A Baltimore Staple


2010 Clipper Park Road, No. 126, Baltimore, MD 21211 (http://www.woodberrykitchen.com/)

*** (Very Good/Excellent)

Baltimore tends to be the lesser known city in the DMV; the little brother of Washington, DC. And in some respects it’s true: there are less attractions, less restaurants, and contains a smaller population. My wife and I tend to skew towards DC whenever we want to go out – whether it’s dinner, drinks, or meeting up with folks. There are exceptions to the rule though; some fantastic finds in Baltimore…you just have to know where to look.

Woodberry Kitchen and its chef, Spike Gjerde, are well known to the culinary scene at this point. Opening in 2007, the restaurant has been extolling the virtues of locally raised

Fried Oysters

ingredients for nearly a decade. It continues the tradition today, as our family (celebrating my brother’s MBA graduation) finds out when requesting lemons and being told that the restaurant does not carry them because they are not native to Maryland. What we did find at the restaurant: Fried Oysters, sweet morsels with a crispy exterior, sitting atop a briny and spicy mayonnaise and Tilghman Island Crab Pot, with its sweet lump crab, and smooth and creamy fondue (one of the best crab dips that you’ll find anywhere). Both featured the housemade “Snake Oil,” fish pepper hot sauce which gives a flavorful kick.

Braised Short Rib

Entrees at Woodberry tend to shine as well. A Dry Aged Ribeye, cooked perfectly, served with housemade steak sauce, and a stand out side: cheese and potato gratin. The Pan Roasted Trout was crisped nicely, and seasoned well. Served alongside roasted cauliflower,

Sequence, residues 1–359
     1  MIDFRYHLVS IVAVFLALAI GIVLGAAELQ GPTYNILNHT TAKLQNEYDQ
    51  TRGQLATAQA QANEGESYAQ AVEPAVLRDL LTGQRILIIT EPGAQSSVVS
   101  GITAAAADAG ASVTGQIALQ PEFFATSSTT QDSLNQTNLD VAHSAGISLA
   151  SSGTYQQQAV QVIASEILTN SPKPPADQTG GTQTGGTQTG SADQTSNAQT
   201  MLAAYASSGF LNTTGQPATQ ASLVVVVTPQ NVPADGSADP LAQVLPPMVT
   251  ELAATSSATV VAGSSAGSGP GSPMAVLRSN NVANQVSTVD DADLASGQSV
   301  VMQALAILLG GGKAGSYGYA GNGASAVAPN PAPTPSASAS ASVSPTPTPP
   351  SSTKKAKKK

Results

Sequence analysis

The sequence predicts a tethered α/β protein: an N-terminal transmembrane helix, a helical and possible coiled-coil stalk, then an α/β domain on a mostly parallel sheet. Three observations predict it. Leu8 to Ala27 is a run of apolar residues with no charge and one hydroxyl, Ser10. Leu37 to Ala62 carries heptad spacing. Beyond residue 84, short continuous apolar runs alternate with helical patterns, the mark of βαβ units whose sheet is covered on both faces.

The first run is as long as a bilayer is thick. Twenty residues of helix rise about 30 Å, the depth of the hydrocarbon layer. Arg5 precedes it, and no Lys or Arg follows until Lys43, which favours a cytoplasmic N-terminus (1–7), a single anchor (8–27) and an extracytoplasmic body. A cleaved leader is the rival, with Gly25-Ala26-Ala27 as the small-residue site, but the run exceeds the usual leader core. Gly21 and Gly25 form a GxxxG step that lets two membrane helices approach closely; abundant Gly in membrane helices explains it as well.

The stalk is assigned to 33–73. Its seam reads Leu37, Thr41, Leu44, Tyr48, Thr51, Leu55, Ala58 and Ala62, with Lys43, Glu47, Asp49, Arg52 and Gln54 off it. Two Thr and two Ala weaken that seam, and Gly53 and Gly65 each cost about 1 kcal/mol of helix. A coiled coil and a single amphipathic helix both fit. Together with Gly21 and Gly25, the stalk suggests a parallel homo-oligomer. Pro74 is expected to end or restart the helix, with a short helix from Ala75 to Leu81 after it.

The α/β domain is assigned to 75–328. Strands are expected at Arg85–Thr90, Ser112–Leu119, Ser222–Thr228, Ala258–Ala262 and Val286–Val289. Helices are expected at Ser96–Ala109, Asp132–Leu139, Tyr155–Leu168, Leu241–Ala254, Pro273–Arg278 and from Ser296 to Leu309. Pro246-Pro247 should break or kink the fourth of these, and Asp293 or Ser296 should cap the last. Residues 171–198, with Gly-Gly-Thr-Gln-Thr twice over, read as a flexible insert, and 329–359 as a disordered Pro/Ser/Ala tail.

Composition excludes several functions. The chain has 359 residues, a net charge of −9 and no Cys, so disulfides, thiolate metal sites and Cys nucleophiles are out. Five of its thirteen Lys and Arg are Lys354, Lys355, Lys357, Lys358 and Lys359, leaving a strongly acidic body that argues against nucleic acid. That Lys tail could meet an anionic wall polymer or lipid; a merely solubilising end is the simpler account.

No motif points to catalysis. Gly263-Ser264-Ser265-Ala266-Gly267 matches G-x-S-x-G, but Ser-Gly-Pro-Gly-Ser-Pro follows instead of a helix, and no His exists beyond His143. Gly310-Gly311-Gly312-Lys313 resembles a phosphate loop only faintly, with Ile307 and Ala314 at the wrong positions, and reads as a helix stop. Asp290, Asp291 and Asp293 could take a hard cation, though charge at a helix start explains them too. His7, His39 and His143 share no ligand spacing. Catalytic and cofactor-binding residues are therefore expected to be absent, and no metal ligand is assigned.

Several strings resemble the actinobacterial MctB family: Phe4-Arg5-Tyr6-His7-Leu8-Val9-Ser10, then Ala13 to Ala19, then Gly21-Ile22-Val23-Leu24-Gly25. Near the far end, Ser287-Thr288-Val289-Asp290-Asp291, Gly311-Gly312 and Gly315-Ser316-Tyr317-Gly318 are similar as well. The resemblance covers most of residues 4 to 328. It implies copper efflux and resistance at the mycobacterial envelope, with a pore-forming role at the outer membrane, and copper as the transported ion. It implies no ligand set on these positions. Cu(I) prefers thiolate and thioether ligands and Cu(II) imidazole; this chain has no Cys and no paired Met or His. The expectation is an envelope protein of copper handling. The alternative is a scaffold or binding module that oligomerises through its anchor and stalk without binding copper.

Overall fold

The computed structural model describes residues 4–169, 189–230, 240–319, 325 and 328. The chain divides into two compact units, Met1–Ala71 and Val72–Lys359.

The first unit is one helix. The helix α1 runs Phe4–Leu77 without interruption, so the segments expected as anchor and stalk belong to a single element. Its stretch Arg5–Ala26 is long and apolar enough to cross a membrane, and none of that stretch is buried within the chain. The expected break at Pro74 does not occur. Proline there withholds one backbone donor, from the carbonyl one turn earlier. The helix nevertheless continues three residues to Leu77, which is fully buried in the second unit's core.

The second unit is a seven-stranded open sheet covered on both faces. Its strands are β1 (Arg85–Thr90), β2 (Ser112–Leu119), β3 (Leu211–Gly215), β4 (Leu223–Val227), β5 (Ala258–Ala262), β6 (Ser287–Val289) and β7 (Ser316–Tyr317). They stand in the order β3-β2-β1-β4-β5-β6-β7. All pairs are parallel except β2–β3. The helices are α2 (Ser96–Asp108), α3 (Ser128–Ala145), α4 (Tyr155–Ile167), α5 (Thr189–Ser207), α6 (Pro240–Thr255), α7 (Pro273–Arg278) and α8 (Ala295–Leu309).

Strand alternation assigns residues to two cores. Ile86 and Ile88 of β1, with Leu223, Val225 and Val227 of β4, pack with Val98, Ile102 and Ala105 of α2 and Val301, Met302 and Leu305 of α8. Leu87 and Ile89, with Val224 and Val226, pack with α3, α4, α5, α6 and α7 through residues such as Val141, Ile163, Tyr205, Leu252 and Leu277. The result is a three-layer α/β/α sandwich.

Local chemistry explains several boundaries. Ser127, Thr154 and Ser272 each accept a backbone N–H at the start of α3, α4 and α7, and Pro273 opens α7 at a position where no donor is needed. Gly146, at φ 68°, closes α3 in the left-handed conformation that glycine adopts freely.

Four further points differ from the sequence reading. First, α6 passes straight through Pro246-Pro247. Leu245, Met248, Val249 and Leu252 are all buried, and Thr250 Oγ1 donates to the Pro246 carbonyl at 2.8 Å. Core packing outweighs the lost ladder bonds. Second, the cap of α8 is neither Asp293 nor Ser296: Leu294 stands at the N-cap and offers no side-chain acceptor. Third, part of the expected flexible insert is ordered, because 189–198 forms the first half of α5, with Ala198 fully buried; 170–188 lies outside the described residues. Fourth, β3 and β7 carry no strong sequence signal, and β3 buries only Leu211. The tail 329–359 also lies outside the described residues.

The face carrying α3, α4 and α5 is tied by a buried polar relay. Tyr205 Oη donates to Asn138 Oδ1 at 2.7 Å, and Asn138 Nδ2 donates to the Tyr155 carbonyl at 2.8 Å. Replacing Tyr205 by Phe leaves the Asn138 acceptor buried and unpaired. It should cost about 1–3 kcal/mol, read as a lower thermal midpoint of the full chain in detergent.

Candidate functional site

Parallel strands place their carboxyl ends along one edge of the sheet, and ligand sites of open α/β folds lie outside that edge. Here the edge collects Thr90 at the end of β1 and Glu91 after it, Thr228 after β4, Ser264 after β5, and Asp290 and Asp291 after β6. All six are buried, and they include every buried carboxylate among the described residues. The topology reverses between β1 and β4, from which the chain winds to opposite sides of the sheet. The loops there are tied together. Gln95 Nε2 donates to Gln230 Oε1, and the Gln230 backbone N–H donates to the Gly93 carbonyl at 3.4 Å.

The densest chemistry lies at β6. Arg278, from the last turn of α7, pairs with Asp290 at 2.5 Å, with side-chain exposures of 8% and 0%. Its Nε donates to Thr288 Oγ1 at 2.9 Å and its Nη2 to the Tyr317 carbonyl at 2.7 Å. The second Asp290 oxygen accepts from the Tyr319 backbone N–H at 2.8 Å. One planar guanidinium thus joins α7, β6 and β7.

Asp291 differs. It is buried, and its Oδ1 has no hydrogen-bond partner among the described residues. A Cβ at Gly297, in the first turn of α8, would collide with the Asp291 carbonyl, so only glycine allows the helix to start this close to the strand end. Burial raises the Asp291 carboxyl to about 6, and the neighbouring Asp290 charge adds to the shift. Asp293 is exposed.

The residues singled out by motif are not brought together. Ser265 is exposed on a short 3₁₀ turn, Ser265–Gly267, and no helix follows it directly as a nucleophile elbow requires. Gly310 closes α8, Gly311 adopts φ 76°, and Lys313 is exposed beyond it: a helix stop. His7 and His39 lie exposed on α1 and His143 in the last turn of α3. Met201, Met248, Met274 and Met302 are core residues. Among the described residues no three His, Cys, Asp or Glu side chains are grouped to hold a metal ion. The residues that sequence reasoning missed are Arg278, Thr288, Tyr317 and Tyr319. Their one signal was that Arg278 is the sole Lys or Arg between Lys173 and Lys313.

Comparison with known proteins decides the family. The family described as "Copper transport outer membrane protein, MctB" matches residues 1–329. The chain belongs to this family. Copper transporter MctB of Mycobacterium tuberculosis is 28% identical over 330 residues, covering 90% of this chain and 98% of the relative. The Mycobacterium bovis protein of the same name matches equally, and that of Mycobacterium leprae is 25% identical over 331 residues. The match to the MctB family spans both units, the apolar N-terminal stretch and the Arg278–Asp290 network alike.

broccoli, and a mushroom and bacon gravy, the dish could have used a bit more sauce, and a splash of citrus to cut through the salt. Braised Short Rib was tender, and the sauce savory, but it was paired nicely with a sunchoke puree, ensuring the dish was not one note. The short rib also gave the staff the

Pan Roasted Trout

opportunity to showcase their top notch service. After receiving the short rib, a couple of cuts revealed about 90% fat with a sprinkling of meat. We brought the issue to the attention of the server, who alerted the manager, both of whom apologized, and assured us that the kitchen acknowledged the issue and was working on a new dish. The whole episode took a few minutes, but there was never any hesitation from the staff to ensure the situation was remedied.


Desserts were homey, something you would expect sitting in what can feel like a farmhouse. Apple Pie with oat streusel was comforting and warm. And the C.M.P. with fresh cream ice cream, marshmallow fluff, hot fudge, and peanuts ate like an old fashioned sundae. In other words, perfectly solid endings to a fantastic meal.

This was not my first trip to Woodberry Kitchen, but it might have been the best. Almost ten years into the venture, Spike Gjerde and his restaurant continue to make Baltimore a destination worth the journey.

Atmosphere: The restaurant is a retrofitted mill which features a main dining room with a bar and coffee bar, a set aside dining room, and an upstairs loft. Seating is a bit on the tight side, which gives off an intimate feel. The mill has a farmhouse vibe with plenty of wood and metal throughout.

Noise: A lively, and typically crowded, restaurant. Given the limited space within the old mill, it can be difficult to hear at times.

Recommended Dishes: Tilghman Island Crab Pot, Fried Oysters, Braised Beef Shortrib, Pan Roasted Trout, Dry Aged Ribeye

Reservations: Highly Recommended; we had reservations set for a Sunday evening at 8:15pm and still waited around 30 minutes for a table to open up after our arrival

$$$$ – $100 to $150 for dinner for two

Note: This review originally ran on December 23, 2015 on our old site and was re-published on WordPress.


4 thoughts on “A Baltimore Staple

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